WIT Press

Vulnerability To Torrent Processes


Free (open access)

Paper DOI






Page Range

289 - 298




1,140 kb


S. Fuchs


In natural hazards research, risk is defined as a function of (1) the probability of the occurrence of a hazardous process, and (2) the assessment of the related extent of damage, defined by the values at risk and the vulnerability according to the intensity of the hazard process. Until now, only a little work has been carried out to determine vulnerability values for objects exposed to torrent processes, in particular to debris flows. The vulnerability values proposed in the literature show a wide range, above all with respect to medium and high process intensities. Furthermore an application of these values might lead to an overestimation of vulnerability, as an assessment for alpine torrent events has shown. In this study, data from Austria and Switzerland were used to empirically analyse and assess the vulnerability of buildings to torrent processes, and to establish a respective vulnerability function. This function was found to be valid for debris flow intensities between 0.33 m and 3.06 m, a typical range for debris accumulation on torrential fans in alpine catchments. Since the analysis was based on process intensities and is thus independent from recurrence intervals, not only the risk resulting from design events can be calculated but also every other event with a different frequency. A wider application of the developed method to additional test sites would allow for further improvement of the results and would support an enhanced standardisation of the vulnerability function, especially with respect to the possible risk-reducing effects of different mitigation measures. Keywords: risk analysis, torrent processes, debris flows, vulnerability.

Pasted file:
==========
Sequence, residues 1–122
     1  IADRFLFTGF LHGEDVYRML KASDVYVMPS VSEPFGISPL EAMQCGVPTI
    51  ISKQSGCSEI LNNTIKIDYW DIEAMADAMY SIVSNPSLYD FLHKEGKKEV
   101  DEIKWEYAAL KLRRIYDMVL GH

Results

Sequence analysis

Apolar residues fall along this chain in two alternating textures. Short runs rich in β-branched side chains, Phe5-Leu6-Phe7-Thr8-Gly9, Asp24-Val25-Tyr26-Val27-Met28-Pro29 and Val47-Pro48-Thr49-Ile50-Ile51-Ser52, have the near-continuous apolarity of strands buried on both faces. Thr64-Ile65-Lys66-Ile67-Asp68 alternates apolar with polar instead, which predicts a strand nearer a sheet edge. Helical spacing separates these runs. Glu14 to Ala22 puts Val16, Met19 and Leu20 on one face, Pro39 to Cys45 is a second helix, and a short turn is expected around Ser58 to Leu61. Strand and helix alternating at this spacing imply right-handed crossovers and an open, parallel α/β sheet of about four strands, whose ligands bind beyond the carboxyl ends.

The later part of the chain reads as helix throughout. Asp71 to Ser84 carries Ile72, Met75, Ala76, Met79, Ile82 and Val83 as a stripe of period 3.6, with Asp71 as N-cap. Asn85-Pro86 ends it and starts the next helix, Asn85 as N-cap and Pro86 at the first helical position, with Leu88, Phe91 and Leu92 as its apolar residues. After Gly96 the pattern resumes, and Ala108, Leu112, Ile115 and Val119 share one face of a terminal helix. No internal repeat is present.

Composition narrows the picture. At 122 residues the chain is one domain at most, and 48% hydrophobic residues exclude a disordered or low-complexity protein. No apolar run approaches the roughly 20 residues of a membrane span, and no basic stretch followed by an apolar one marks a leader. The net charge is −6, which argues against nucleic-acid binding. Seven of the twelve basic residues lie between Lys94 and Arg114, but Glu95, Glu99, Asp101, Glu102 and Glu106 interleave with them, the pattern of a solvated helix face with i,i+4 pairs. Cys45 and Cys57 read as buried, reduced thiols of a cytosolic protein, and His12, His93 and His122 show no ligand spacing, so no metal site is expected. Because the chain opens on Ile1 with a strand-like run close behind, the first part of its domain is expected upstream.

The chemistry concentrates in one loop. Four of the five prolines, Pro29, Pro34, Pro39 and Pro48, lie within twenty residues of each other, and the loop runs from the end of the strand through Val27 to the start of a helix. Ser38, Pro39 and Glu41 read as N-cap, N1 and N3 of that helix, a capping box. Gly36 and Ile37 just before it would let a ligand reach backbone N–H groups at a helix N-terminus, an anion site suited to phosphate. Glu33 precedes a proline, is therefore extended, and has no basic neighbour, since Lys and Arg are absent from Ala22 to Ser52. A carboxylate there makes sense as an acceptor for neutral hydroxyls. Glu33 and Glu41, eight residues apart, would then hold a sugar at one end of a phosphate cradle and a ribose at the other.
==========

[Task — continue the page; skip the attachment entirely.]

risk analysis, torrent processes, debris flows, vulnerability.